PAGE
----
We all have vices. Whether big or small, overt or secret, these nasty little habits can cause major problems when it comes to your finances. The definition of a financial vice is any unnecessary regular expense that you are willing to include in your budget. Often, these financial vices aren’t just draining your wallet they are also deteriorating your health. Here are the top five vices:
Basic math tells us that if you buy a latte or specialty coffee every morning—or at least five days a week—for around five bucks then you are spending $1,000-$2,000 per year. Buying premium coffee and brewing it at work will save you money. Ground coffee may cost $7.28 per pound, or just over 16 cents per cup, and $8-per-pound for whole beans or about 18 cents per cup. So, a 6-ounce cup of coffee at about 17 cents a cup per day that you brew yourself adds up to $1.19 a week or $62.05 a year.
2. Fast Food.
Those value menus might be cheap and quick, but add up over time. The costs of $5 to $7 at a fast-food restaurant versus cooking at home, which averages out to $1.50 to $3 per person, works out to a 40% to 79% savings in favor of homemade food, making it much cheaper to bag your lunch for the job. Think about it. If each month you spend $350 on groceries and $650 eating out (between lunches at work and dinner with friends), you are spending $12,000 a year on food alone. Plus, when cooking at home, you’re able to control what ingredients are going into your body.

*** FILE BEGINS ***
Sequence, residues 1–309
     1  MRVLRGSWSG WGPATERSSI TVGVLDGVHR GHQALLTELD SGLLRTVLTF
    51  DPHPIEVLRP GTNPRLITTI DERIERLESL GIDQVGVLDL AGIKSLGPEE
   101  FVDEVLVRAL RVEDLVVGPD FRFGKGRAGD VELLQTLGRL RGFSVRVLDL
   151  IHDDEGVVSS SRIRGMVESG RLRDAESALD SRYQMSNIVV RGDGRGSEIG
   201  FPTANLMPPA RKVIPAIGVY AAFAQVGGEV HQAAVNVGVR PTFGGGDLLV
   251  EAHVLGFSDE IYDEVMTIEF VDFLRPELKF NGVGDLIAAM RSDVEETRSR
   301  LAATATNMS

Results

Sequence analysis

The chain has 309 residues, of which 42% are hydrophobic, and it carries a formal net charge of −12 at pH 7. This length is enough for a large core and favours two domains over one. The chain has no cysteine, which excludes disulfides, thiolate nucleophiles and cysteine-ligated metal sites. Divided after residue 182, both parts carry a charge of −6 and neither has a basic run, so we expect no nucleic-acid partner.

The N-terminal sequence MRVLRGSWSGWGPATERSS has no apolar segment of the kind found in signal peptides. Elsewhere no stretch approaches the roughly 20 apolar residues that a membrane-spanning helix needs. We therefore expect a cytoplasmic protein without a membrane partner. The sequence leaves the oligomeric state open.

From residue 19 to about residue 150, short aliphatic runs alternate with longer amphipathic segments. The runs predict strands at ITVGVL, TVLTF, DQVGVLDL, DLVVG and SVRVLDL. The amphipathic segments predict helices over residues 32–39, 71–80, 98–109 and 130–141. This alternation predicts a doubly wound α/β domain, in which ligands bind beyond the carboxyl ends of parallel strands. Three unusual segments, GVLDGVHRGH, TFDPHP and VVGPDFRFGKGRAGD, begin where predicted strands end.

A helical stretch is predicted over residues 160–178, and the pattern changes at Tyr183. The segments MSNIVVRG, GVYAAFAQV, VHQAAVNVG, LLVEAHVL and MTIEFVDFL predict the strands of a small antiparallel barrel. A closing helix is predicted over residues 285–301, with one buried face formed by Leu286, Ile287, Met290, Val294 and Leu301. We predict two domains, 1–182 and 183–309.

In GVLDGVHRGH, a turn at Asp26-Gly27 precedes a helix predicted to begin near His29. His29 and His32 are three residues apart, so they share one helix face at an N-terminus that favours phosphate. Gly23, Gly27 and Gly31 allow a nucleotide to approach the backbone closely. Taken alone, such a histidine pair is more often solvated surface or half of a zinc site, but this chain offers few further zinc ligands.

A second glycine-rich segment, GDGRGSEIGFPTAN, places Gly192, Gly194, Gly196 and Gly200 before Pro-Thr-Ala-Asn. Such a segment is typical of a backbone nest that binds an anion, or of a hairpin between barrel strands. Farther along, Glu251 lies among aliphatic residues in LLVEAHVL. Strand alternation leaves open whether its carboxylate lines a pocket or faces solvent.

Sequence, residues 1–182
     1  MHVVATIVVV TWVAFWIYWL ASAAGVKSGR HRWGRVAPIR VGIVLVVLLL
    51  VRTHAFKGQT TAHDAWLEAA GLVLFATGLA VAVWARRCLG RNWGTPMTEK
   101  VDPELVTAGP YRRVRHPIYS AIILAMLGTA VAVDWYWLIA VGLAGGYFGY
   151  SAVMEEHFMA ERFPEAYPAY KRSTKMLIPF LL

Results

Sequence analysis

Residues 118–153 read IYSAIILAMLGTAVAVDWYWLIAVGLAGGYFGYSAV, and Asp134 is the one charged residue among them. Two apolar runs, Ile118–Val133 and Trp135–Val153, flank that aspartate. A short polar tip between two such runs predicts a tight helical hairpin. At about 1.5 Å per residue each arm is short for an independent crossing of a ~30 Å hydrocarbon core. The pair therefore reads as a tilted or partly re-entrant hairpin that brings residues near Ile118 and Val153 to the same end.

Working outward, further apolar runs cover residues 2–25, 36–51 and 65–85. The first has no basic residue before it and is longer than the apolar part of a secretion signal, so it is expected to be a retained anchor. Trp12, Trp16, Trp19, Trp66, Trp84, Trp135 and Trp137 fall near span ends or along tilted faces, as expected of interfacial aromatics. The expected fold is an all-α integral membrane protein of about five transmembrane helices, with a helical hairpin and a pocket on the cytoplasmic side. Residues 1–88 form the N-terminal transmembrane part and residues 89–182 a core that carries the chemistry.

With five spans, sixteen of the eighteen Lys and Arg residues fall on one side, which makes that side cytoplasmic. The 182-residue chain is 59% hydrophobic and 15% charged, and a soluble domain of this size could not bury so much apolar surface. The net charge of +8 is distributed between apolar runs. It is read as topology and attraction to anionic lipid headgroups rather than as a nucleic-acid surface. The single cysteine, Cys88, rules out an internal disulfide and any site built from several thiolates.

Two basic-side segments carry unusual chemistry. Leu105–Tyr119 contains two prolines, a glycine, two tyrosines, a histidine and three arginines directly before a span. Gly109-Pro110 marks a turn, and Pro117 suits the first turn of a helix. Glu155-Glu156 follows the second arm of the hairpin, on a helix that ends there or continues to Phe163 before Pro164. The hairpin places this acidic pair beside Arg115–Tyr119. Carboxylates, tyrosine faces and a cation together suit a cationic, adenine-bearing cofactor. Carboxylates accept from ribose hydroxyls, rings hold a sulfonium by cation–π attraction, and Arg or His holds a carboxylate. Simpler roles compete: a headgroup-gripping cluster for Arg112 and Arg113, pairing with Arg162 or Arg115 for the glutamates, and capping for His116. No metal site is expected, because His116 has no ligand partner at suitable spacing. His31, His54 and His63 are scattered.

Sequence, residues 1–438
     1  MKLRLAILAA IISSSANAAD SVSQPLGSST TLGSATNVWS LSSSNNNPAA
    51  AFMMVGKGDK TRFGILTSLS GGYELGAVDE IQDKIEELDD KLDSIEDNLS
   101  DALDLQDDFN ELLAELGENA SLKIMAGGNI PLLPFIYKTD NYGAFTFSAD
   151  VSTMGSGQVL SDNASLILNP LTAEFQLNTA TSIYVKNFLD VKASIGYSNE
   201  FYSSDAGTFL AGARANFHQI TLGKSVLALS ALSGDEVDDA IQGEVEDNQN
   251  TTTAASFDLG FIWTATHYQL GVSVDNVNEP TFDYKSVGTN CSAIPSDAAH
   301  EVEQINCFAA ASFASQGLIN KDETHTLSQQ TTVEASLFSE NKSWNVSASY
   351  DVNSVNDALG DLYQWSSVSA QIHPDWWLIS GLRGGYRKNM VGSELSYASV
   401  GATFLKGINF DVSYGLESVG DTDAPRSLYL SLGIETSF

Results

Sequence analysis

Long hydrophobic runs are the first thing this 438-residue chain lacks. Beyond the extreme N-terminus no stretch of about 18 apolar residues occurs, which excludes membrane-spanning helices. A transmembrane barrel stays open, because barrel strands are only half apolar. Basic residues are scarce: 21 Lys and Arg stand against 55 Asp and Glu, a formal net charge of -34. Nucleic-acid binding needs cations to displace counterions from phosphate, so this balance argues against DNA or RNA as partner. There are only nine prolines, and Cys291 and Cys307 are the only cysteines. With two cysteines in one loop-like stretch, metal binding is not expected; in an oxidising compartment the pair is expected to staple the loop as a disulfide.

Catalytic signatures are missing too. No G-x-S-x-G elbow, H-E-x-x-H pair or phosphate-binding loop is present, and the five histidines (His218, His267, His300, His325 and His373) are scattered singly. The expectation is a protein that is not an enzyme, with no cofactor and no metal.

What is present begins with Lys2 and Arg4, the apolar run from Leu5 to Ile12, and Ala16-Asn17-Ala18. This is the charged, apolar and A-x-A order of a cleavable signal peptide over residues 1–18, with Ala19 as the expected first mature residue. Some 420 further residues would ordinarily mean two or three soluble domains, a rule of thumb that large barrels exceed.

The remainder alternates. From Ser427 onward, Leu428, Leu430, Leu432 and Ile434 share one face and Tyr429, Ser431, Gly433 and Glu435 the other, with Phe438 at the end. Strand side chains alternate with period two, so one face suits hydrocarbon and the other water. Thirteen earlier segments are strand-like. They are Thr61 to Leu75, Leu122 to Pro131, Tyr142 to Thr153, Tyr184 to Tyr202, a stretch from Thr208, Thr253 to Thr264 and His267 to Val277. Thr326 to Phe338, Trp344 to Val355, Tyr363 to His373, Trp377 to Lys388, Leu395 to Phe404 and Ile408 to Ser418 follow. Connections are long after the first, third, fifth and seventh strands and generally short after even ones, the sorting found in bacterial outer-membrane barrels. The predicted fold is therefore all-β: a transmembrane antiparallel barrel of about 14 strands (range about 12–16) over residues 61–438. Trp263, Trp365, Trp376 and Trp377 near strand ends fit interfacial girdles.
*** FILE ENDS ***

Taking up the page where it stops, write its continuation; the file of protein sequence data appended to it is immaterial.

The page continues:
Don’t drink your money away. That buzz could cost you, especially if you hang out at bars or clubs, where prices are usually in the double digits. If a sip of wine now and then does the body good, consider drinking at home. A bottle from your local store is less expensive than a glass at your local hot spot. If you drink three days a week, and have an average of two drinks at each sitting, at $9 a drink, you’re spending $234 a month on alcohol. If you drink four or five drinks per sitting that number rises to $468 or $585.
Lighting up may not only kill you, it is expensive. Quitting smoking is like giving yourself a pay raise. Albeit, the cost of smoking cigarettes varies greatly by state and the number of packs smoked. Notwithstanding, someone smoking a pack a day at $5.25 will spend $1,916 each year, while at the cost of $12.85 a pack that yearly amount adds up to $4,690. Double these amounts if you are a two pack a day smoker. In 10 years, you’re wasting about $50,000 on a bad habit. That’s enough to buy a brand new BMW.
Yes, Powerball and Mega Millions tickets have rendered grand prizes as high as $243 million and $415 million. But playing the numbers isn’t a last-minute retirement plan. Stop dreaming and start saving more. There’s nothing wrong with putting a couple of bucks toward a lottery ticket every once in a while. Let’s say you’ve gone from shelling out $2 every month on the lottery to spending $20 a week. That adds up to $1,040 over the course of a year. Don’t stress out, confusing fantasy with reality. The odds of hitting the Powerball jackpot are 1 in 292,201,338; Mega Millions, 1 in 258,890,850.